The impact of hospital-acquired conditions on Medicare program payments.
Kandilov AMG, Coomer NM, Dalton K. Medicare Medicaid Res Rev. 2014;4:E1-E23.
In 2008, the Centers for Medicare and Medicaid Services (CMS) stopped paying for many preventablehospital-acquired conditions (HACs). However, according to this matched case-control study, HACs still result in numerous downstream financial effects, costing CMS an estimated $146 million per year. This study evaluated costs related to the index hospitalization and 90 days following discharge of six HACs—severe pressure ulcers, fractures, catheter-associated urinary tract infections, venous catheter-related infections, surgical site infections, and post-surgical venous thromboembolism. Severe pressure ulcers and orthopedic surgical site infections resulted in an average increase in payments of more than $20,000 across the episode of care. The extra costs are largely related to CMS index outlier payments, as well as payments for readmissions and post-acute care. A previous AHRQ WebM&M perspective by Dr. Peter Lindenauer discussed the business case for patient safety.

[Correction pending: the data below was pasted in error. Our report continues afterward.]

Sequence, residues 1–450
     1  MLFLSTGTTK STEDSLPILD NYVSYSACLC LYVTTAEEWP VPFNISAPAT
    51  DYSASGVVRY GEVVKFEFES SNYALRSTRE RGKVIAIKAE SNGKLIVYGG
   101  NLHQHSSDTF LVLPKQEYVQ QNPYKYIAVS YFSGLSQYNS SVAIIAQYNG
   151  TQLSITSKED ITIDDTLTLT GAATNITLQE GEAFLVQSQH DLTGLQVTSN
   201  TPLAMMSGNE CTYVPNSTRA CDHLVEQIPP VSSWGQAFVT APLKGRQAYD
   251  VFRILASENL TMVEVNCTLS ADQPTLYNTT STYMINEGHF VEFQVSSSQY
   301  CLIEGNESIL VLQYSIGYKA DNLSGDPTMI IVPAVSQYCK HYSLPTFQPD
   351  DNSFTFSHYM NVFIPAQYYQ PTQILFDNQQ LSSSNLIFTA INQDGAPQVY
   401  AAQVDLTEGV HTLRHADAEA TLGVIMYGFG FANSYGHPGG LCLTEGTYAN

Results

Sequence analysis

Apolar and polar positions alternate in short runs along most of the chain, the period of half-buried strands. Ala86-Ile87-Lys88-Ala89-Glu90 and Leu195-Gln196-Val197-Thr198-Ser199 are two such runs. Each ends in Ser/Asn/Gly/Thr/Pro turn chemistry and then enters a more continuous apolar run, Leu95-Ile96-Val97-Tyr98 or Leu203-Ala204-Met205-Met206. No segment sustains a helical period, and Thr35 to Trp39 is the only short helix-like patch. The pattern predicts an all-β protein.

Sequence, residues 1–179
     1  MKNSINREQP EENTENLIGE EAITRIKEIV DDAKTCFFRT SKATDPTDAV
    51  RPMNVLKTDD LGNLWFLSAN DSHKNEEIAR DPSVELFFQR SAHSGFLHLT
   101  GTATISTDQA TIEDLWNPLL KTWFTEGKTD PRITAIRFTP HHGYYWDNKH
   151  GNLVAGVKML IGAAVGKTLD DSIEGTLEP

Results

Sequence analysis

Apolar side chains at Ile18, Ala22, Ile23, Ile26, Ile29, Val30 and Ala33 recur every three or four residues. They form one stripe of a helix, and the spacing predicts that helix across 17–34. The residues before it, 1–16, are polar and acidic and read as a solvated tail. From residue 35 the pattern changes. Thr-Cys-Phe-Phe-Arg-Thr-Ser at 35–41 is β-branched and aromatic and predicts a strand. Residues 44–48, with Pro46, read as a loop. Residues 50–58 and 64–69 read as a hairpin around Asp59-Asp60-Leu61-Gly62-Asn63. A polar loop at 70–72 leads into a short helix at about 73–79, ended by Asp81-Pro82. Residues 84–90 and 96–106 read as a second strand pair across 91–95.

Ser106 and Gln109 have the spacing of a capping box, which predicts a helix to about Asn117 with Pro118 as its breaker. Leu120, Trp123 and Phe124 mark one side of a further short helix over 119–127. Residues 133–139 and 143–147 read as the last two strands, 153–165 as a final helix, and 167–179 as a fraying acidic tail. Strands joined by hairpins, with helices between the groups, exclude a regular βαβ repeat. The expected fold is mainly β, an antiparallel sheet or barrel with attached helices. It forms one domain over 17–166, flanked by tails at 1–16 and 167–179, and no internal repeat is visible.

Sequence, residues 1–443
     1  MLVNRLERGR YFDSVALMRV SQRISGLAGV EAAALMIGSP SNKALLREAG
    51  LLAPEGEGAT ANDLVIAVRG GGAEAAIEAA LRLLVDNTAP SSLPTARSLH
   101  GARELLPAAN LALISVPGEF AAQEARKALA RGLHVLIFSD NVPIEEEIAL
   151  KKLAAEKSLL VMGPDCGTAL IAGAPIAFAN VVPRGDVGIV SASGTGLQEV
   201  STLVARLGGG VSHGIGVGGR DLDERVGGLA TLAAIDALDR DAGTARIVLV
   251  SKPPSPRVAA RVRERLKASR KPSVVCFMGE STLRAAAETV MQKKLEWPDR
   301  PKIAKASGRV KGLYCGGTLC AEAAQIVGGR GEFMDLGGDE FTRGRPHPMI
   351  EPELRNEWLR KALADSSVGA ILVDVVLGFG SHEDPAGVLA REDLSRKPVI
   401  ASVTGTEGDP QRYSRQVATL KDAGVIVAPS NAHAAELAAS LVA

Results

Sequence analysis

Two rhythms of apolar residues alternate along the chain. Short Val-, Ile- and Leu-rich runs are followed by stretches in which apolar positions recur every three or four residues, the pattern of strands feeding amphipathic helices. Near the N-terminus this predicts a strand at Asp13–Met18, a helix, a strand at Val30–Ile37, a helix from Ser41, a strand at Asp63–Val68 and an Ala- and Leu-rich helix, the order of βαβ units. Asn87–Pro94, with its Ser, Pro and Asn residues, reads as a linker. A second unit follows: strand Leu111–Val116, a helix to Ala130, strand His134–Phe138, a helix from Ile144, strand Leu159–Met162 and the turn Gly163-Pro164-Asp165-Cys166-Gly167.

Improving America's Hospitals: The Joint Commission's Annual Report on Quality and Safety 2009.
Oakbrook Terrace, IL: The Joint Commission; January 2010.
Adverse Events in Hospitals: Care Study of Incidence Among Medicare Beneficiaries in Two Selected Counties.
Levinson DR. Washington, DC: US Department of Health and Human Services, Office of the Inspector General; December 2008. Report No. OEI-06-08-00220.
A new, evidence-based estimate of patient harms associated with hospital care.
James JT. J Patient Saf. 2013;9:122-128.
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Malnourishment 'epidemic' plagues hospitals? Really?
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